freeing 2,000 mink and foxes from Midwestern fur farms last August.

Most readers will easily see the absurdity in saying that freeing 
animals from fur farms is "terrorism." But it is important to realize 
that neither the AETA nor the fur industry is an aberration. While 
critics, myself included 
have pointed to heavy lobbying by animal use industries as evidence that 
the AETA was a gift to corporate interests, we should remember that the 
overwhelming majority of our society supports these industries, which 
encompass <http://old.furcommission.com/resource/pressSFbills.htm> not 
only the Fur Commission USA, but also United Egg Producers, the National 
Milk Producers Federation and the American Meat Institute. Lang and 
Olliff could easily have faced the same charges if they were alleged to 
have freed chickens from an egg factory, cows from a slaughter plant, or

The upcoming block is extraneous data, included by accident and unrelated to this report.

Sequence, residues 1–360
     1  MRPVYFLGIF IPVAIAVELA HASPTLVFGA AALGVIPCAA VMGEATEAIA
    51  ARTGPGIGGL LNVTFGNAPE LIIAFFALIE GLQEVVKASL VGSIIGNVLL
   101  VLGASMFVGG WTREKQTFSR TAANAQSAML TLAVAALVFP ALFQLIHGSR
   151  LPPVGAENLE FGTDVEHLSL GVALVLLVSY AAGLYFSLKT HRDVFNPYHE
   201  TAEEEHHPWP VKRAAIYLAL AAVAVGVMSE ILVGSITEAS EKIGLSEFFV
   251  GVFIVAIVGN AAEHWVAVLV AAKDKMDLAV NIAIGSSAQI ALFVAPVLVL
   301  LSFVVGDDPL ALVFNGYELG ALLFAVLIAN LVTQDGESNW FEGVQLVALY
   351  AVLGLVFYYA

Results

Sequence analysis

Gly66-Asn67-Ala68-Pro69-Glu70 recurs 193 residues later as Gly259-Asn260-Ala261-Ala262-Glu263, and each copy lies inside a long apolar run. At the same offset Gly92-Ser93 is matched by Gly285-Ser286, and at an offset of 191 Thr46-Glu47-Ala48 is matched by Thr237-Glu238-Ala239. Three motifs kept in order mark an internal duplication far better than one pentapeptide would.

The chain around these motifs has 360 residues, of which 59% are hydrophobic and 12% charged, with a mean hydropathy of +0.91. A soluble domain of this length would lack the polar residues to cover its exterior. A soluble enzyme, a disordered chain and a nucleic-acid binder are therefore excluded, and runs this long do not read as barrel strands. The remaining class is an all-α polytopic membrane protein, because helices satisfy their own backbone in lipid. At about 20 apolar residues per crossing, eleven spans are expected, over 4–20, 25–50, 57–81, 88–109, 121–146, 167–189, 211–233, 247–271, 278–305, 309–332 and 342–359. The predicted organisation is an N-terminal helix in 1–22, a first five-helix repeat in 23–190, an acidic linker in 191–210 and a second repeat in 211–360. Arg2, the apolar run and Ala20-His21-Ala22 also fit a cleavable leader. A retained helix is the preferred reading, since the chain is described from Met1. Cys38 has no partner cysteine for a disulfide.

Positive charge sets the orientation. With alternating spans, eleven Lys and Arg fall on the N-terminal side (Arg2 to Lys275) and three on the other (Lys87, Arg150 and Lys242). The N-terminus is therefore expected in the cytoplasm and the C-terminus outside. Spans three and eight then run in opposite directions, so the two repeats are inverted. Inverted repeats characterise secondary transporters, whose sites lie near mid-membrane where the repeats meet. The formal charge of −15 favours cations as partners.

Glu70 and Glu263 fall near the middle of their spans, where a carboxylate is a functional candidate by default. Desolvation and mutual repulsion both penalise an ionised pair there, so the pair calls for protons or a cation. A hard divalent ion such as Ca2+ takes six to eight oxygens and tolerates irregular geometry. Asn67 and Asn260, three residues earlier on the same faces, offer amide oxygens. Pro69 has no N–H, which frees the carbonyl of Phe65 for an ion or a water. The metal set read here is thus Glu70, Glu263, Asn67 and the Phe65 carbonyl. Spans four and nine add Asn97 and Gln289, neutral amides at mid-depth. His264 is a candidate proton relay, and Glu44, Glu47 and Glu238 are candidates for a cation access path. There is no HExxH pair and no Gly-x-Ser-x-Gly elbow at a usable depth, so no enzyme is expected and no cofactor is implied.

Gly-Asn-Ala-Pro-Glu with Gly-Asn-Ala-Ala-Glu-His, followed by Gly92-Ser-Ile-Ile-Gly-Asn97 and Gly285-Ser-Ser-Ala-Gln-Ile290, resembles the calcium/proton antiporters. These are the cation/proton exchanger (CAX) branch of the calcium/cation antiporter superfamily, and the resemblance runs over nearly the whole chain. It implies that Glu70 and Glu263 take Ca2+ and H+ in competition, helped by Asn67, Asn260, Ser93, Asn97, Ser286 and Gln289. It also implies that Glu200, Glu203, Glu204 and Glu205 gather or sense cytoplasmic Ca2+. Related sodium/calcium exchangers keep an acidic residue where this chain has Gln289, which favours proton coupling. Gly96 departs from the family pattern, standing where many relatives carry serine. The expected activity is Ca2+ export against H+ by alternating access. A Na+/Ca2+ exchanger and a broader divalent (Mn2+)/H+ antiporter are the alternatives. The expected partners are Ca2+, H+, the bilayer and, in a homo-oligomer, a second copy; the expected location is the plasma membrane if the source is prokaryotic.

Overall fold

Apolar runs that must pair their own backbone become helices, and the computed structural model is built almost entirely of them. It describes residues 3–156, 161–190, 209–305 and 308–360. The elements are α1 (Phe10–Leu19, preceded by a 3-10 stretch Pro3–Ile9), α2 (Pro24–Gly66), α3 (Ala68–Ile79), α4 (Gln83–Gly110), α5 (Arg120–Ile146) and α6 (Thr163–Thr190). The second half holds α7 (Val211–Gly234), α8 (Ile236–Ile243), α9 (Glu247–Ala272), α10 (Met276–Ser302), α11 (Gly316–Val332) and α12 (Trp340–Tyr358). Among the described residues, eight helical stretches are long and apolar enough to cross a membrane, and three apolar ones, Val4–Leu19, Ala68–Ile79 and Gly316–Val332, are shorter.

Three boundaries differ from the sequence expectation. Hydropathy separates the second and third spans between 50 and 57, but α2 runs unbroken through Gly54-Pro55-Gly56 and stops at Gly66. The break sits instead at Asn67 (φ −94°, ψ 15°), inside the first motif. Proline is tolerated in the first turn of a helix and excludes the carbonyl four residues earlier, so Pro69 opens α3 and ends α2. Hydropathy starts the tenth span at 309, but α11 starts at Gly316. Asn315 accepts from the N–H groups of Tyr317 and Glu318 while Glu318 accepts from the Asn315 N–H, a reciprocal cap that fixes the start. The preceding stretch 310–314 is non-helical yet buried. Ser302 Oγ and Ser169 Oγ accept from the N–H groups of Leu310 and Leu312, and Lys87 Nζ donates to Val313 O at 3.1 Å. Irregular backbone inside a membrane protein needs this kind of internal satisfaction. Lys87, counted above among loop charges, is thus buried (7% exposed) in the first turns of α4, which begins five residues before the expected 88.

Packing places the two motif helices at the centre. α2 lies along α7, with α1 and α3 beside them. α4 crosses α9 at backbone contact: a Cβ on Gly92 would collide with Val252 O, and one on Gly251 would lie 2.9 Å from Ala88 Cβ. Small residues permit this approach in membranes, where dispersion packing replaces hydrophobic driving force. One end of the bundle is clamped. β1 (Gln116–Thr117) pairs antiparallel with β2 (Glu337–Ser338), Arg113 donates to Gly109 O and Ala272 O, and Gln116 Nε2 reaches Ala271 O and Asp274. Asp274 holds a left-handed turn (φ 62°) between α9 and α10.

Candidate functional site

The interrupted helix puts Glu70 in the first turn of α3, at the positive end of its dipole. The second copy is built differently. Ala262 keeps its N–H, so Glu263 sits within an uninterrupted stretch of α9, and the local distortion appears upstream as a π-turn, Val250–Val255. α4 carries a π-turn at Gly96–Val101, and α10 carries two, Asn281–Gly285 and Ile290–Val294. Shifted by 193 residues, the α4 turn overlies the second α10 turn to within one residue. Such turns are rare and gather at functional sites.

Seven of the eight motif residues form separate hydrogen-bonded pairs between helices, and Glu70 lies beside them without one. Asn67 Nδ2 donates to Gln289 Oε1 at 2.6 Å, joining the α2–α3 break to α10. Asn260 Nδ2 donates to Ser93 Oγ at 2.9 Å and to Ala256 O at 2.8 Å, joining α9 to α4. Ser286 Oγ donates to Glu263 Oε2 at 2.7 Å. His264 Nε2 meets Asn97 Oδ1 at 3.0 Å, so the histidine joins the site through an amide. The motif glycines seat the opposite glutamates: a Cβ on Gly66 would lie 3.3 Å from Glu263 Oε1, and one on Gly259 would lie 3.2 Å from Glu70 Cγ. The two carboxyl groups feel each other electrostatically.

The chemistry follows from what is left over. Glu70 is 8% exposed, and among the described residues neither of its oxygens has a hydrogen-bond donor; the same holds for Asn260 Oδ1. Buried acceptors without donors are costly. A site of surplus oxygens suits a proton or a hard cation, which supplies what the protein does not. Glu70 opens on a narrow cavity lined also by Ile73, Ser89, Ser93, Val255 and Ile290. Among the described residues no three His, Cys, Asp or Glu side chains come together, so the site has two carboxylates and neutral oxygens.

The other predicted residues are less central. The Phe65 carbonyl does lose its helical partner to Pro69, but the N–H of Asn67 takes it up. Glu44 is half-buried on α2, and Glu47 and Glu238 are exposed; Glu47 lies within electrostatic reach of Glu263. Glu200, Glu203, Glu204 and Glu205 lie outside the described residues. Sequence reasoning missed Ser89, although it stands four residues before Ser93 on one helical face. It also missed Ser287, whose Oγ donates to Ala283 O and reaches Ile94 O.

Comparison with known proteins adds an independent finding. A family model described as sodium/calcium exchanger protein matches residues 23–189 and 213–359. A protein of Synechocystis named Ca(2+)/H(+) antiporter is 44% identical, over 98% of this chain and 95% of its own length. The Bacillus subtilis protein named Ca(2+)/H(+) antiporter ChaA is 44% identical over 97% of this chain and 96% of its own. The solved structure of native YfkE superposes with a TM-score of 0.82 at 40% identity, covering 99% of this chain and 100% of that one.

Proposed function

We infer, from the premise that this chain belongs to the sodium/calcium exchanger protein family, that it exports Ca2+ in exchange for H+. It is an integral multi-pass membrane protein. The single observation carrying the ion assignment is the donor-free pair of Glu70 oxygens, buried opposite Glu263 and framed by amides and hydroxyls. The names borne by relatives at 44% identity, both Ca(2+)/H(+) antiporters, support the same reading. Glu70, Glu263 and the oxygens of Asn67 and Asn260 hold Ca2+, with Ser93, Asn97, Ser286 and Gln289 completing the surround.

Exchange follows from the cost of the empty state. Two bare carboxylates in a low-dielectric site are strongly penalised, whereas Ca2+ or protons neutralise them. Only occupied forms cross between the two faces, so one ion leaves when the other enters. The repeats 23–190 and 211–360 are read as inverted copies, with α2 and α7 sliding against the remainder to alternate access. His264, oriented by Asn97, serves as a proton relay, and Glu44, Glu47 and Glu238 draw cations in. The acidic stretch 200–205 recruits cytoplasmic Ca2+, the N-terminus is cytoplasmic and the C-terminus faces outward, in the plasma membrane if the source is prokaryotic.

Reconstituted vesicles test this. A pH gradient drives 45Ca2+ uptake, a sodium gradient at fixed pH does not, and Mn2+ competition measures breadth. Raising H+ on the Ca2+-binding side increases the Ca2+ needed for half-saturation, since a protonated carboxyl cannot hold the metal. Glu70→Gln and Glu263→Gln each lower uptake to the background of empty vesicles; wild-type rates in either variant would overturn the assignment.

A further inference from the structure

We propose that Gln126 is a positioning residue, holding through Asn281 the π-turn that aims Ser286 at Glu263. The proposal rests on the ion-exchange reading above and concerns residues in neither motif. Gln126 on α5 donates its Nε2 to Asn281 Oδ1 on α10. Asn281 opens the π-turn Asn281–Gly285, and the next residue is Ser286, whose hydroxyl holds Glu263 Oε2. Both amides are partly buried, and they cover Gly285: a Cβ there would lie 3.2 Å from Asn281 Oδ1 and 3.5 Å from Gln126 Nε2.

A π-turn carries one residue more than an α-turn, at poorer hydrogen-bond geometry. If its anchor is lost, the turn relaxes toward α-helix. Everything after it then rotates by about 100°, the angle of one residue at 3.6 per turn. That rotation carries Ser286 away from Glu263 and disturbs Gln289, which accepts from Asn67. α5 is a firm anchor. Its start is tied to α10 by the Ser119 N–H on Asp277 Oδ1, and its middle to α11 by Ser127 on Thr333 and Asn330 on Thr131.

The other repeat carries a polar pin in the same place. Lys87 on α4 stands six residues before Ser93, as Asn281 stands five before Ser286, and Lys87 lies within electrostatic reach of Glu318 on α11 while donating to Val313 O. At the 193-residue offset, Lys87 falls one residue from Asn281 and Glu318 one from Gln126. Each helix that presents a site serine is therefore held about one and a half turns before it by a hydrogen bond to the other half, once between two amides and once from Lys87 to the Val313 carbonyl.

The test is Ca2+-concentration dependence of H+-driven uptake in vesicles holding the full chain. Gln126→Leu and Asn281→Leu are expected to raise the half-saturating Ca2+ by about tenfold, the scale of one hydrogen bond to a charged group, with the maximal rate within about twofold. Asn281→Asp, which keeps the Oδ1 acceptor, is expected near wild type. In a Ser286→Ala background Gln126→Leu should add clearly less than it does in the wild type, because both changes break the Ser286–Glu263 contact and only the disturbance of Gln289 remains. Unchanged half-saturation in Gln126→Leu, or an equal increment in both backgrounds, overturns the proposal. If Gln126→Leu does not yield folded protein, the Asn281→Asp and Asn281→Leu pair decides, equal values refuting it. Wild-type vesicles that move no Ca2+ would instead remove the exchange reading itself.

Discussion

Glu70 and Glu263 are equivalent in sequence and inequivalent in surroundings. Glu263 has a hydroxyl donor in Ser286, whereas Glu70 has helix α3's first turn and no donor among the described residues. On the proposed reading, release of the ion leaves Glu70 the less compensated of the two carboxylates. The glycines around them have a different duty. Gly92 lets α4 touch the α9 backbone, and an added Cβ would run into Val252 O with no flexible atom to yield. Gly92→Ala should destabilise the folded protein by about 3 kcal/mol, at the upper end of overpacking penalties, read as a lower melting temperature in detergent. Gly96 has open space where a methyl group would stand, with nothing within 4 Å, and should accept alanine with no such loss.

animals slated to become leather shoes rather than fur coats. These two 
men could have been charged with "animal enterprise terrorism" whether 
they were alleged to have freed animals from a factory farm or a 
small-scale, "humane 
farm, rather than a fur farm.

A society's strongest condemnation tends to be deployed not solely 
against those who commit the most heinous acts, but also against those 
who most forcefully oppose social norms. Sometimes - say, in the case of 
murder - the worst acts and our social values coincide. But when the 
state's most powerful condemnation in the form of criminal law is 
brought to bear against those with unpopular political views, we should 
not only consider the excessiveness of the punishment, but also stop to 
examine those views themselves.

When it is perfectly legal, and often immensely profitable, to use and 
kill animals by the billions for almost any purpose, it should come as 
no surprise that laws would harshly punish even nonviolent actions that 
disrupt or prevent that use. The AETA defends not only corporations - it 
also defends a way of life, protecting our meat, dairy, and leather, our 
Sea Worlds and our animal circuses from those who wish to abolish that 
way of life. This is the inescapable context in which saving the lives 
of minks and foxes becomes a crime.

One thing has become exceedingly clear through the debate over ag-gag